Julie Dermansky's blog

Fracking Industry-Linked Earthquakes in Oklahoma Crack Political Party Lines

Sara Winsted, a resident of Edmond, Oklahoma, an upscale Oklahoma City suburb, won’t be surprised if her house falls down before state legislators take action to stop the earthquakes. 

Her feeling of hopelessness intensified after she attended two public meetings: a town hall organized by State Rep. Lewis Moore (R-Arcadia) at the University of Central Oklahoma (UCO) in Edmond, and a public hearing at the state capitol in Oklahoma City led by State Rep. Richard Morrissette (D-OKC).

Though the U.S. Geological Survey has determined the use of fracking wastewater disposal injection wells is the cause of the state’s earthquakes — and predicted a magnitude 5.5 or greater quake is probable — the use of disposal injection wells continues.

Breaking: TransCanada’s Hopes For “Zombie” Keystone XL Pipeline Revived As South Dakota Validates Expired Permit

The South Dakota Public Utility Commission (PUC) voted unanimously to keep TransCanada’s hopes for the Keystone XL pipeline alive by validating its permit certification that expired in 2014.

Chris Nelson, the chair of the commission, concluded TransCanada could still meet all the conditions of its expired permit. The fact TransCanada was denied a needed presidential permit to cross international borders was not a reason to deny certification because the next president could grant it, the PUC chair said. 

He stated that the lawyers representing the Intervenors — indigenous tribes, the grassroots group Dakota Rural Action, and individual landowners — did not make a case proving TransCanada was unable to meet any of the conditions required to build the pipeline, despite a nine-day hearing last summer at which Intervenors presented reams of evidence and allegations to the contrary. 

Record-Breaking 2015 Temperatures Connected To Ongoing Fish Kill on Mississippi Beaches

Julie Dermansky

Cleanup crews were dispatched to beaches in Hancock County, Mississippi, on December 27th to remove over a thousand dead fish and the remains of other animals.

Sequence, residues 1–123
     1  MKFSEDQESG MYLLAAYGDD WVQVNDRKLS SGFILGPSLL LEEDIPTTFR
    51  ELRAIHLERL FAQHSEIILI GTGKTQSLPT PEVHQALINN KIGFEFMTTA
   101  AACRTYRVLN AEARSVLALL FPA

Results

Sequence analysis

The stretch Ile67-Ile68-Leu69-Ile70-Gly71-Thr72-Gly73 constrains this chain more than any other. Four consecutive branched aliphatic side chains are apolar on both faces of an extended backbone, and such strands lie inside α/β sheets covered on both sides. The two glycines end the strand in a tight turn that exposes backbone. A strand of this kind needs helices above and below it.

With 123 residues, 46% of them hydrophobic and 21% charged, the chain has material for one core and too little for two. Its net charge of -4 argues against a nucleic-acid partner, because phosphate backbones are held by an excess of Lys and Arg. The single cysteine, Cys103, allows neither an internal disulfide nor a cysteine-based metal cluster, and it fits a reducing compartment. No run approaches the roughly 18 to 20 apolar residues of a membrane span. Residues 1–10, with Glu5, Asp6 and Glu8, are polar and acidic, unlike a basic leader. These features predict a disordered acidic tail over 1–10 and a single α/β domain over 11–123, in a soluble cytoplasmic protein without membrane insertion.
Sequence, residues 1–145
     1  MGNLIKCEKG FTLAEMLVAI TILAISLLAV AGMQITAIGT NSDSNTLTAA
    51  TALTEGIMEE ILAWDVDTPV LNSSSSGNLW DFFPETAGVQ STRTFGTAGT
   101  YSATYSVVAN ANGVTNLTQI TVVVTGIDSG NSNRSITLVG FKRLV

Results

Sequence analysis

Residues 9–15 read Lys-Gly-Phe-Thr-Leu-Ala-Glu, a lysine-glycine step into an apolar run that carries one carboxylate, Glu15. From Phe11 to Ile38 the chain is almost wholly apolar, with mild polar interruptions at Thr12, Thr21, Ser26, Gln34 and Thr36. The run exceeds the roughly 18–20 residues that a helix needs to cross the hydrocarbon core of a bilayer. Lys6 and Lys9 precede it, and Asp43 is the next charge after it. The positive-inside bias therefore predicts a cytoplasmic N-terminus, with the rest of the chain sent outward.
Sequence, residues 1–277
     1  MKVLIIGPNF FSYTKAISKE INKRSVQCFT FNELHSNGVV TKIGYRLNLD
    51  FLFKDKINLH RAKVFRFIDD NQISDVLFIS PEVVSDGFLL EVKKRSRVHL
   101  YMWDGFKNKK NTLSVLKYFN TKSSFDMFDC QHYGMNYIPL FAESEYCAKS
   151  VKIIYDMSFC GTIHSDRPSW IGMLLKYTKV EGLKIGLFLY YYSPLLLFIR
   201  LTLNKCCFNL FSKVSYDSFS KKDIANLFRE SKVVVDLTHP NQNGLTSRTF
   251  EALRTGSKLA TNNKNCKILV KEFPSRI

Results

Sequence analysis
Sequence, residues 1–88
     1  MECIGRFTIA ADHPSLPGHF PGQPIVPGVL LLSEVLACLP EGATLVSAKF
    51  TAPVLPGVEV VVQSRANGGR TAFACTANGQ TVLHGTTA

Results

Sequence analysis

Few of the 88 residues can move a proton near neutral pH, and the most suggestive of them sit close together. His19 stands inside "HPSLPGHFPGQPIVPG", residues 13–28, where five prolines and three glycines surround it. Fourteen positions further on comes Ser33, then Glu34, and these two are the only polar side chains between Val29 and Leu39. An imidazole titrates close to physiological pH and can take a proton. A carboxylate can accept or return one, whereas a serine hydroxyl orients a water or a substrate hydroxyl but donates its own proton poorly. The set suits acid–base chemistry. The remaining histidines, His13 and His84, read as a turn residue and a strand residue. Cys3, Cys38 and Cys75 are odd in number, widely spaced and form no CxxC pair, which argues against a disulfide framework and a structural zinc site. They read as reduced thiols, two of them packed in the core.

Scientists attributed the fish kill to a “red tide” algae bloom that took hold in early December. It won’t go away until temperatures drop and fresh water from the north spilling out from the Mississippi moves through the area. 

Climate Change Threatens Louisiana’s Isle de Jean Charles, But Doesn’t Dampen Holiday Cheer

Members of the Biloxi-Chitimacha-Choctaw tribe who live on Isle de Jean Charles in southern Louisiana are destined to become some of the first climate change refugees in the United States.

But that doesn't stop a lifelong resident Chris Burnet from enjoying every day he has left. 

If the Keystone XL Pipeline is Dead, South Dakota Regulators Didn’t Get the Memo

TransCanada pipe yard

TransCanada’s Keystone XL pipeline is not as dead as some of its adversaries claimed after President Obama denied the presidential permit for the border-crossing section of the tar sands pipeline. 

The company’s plans for the South Dakota part of the pipeline are still in play after the South Dakota Public Utility Commission (PUC) denied a motion to throw out the company’s request to certify its expired permit. 

Holiday Melancholy In Bayou Corne, Louisiana, Home of Giant Sinkhole Caused by An Industrial Accident

Hand-painted standing alligators holding signs that read “Noel” on Tim Brown’s lawn in Bayou Corne, LA, offer holiday cheer in an area where most of his neighbors moved away

Bayou Corne, 77 miles west of New Orleans, has joined the growing list of communities destroyed by industrial accidents.

Once known as a sportsman’s paradise, Bayou Corne is now famous for a giant sinkhole that opened up on August 3, 2012, after a salt dome cavern, owned by Occidental Chemical Corp. and operated by Texas Brine Co. LLC, collapsed.

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